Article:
Ad Watch: No on 48 ad misleads on California tribal gambling history

An image from a no-on-Proposition 48 TV ad
An image from a no-on-Proposition 48 TV ad

Opponents of Proposition 48, a referendum on a state-tribal compact that would allow a Madera tribal casino, have taken to the airwaves with TV ads contending that the measure would set a precedent for off-reservation gambling. A yes vote on the measure upholds the compact; a no vote rejects it.

One of the ads features Mark Macarro, the chairman of the Temecula-area Pechanga Band of Luiseño Indians, one of California’s most politically influential tribes. The tribe has contributed more than $1 million to the No on 48 effort, which has raised $15.3 million this year compared to the $470,000 collected by the measure’s supporters. Table Mountain Rancheria in Friant, which operates a casino about 26 miles from the proposed casino site, has put up more than $10 million to defeat the referendum.

Following is a text of the ad and an analysis by Jim Miller of The Bee Capitol Bureau:

Mark Macarro: “More than a decade ago, we promised to limit casinos to existing tribal land. And you voted overwhelmingly to approve tribal gaming based on that promise.

“Now, Proposition 48 would allow a Nevada gambling company to use a rural tribe to build a casino on off-reservation land. Forty-eight would set a bad precedent, allowing off-reservation casinos. You trusted us to keep our word, and we honor that trust. That’s why tribes throughout California ask you to vote no on 48. Thank you.”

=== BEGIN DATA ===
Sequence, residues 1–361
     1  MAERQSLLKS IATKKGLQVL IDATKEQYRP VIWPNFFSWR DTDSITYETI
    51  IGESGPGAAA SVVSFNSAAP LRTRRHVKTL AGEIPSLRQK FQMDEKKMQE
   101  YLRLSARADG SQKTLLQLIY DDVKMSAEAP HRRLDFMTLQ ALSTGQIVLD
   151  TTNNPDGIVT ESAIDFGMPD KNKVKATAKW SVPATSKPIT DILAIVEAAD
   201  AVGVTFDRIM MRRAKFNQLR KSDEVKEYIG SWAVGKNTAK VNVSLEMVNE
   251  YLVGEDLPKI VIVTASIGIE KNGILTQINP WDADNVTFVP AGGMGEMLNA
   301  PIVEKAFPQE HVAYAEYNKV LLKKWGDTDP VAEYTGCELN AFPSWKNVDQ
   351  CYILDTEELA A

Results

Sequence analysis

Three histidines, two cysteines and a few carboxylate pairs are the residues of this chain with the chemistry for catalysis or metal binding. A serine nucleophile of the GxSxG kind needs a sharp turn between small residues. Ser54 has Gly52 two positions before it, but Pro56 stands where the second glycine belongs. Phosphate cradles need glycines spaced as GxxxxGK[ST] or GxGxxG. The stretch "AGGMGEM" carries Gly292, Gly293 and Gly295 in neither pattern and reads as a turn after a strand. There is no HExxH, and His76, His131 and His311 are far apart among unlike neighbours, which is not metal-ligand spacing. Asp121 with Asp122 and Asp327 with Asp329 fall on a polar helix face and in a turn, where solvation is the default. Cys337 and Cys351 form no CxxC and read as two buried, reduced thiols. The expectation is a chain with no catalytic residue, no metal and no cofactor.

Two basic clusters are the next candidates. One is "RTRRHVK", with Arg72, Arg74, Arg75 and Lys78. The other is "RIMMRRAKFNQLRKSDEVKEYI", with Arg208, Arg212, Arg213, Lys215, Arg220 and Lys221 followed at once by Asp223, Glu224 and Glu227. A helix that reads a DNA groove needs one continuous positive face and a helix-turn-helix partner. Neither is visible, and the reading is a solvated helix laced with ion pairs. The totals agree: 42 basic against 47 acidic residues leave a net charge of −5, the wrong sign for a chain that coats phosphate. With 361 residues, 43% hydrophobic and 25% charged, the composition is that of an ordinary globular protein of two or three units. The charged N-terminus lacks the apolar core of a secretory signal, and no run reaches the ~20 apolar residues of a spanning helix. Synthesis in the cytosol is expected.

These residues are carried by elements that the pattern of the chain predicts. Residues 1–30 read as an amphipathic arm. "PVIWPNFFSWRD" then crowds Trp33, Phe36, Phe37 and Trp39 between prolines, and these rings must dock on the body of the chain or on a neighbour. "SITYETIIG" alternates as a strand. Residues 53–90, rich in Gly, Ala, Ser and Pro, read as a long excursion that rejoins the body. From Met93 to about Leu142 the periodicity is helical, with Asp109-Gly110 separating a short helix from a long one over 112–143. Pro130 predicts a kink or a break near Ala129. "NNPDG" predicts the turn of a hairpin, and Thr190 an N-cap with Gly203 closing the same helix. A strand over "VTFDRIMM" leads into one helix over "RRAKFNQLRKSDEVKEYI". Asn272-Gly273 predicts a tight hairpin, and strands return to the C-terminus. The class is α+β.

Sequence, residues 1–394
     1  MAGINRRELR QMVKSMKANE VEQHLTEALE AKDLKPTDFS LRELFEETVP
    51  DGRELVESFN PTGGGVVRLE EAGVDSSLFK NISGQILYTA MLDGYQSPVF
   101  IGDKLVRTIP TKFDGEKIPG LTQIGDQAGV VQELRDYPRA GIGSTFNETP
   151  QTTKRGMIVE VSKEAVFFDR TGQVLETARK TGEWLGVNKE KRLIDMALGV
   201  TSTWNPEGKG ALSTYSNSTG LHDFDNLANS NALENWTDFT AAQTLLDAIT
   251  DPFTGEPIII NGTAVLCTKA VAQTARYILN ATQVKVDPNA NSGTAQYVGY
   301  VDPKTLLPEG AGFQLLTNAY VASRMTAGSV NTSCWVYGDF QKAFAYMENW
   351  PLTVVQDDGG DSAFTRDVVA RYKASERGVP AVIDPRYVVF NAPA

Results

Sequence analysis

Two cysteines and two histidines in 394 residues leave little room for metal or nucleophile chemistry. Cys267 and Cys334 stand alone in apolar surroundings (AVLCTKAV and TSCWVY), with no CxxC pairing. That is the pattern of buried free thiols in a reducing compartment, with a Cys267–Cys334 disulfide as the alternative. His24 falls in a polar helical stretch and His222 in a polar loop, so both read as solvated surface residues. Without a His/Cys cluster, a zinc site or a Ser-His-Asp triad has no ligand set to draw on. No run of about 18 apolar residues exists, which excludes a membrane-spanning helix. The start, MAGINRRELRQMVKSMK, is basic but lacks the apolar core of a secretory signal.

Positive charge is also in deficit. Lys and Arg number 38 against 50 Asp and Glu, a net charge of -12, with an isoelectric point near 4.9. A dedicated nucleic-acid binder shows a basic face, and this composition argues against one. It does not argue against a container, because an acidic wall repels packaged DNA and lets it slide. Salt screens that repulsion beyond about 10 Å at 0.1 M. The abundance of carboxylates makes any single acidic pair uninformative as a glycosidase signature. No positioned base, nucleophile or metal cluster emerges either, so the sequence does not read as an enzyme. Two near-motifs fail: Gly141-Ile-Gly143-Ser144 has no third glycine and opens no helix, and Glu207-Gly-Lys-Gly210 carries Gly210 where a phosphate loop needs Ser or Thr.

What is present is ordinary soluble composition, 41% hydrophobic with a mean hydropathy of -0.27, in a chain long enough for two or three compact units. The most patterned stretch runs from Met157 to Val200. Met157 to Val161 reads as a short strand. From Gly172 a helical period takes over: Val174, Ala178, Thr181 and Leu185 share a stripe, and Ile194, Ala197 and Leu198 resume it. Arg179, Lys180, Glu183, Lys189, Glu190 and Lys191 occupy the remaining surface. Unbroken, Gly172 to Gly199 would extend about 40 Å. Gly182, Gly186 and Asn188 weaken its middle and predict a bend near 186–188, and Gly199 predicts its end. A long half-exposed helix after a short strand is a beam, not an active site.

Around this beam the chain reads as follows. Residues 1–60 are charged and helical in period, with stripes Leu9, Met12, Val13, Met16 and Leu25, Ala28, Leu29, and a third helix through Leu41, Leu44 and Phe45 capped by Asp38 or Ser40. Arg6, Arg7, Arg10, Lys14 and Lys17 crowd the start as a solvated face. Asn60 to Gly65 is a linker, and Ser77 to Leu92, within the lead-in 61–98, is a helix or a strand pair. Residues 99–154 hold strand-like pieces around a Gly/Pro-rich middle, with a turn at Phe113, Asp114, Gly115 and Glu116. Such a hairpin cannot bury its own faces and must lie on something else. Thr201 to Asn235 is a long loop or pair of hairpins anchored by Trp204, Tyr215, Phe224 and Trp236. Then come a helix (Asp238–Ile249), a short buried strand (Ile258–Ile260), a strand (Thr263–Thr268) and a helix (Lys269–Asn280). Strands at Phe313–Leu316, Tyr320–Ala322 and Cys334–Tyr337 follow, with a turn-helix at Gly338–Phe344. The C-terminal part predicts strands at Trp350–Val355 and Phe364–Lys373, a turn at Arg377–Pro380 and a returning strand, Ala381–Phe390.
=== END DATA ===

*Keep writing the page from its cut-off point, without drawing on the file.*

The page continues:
Analysis: The ad begins with footage from a 1998 TV ad featuring Macarro advocating for then-Proposition 5, a ballot measure to legalize gambling on tribal lands. Voters passed it and also approved another tribal-gambling measure, Proposition 1A, in 2000.

Supporters argued at the time that the initiatives would “strictly limit Indian casinos to tribal lands.” It’s a stretch to say voters “overwhelmingly” approved Propositions 5 and 1A based on that promise. Proponents also made a strong case during the campaigns that the measures would help lift tribal members out of poverty and develop economically.

In any event, nothing in the previous propositions restricted the behavior of the federal government, which has since designated the land in question as tribal. The U.S. Department of the Interior placed in trust 305 acres off Highway 99 in Madera for the purposes of allowing the North Fork Rancheria of Mono Indians to build a casino there. The decision effectively added the land to the tribe’s existing reservation near Yosemite.

Since voters approved Indian gambling, other tribes have used the federal process to gain recognition of new land. The difference here is that the North Fork land is separated by 40 miles from the original reservation.

Macarro argues in the ad that tribes promised in 1998 to limit casinos to “existing” tribal lands, but nothing in the language of Propositions 5 or 1A did so. In this instance, some opponents clearly have their own interests in mind. A new casino would compete for customers with Table Mountain Rancheria, the largest donor to the No on 48 campaign.

The North Fork tribe has contracted with Las Vegas-based gambling company Station Casinos Inc. to run the planned Madera casino. Station has contributed $370,000 to the Yes on 48 campaign. It is not accurate to say Station is “using” the North Fork tribe, which has a tribal government that made the decision to partner with the company.

Most California tribes manage their own casinos. Yet it’s not uncommon for California tribes to get outside help when their casinos are just starting up. United Auburn, which contributed to the No on 48 campaign, once contracted with Station Casinos to run its Thunder Valley Casino Resort.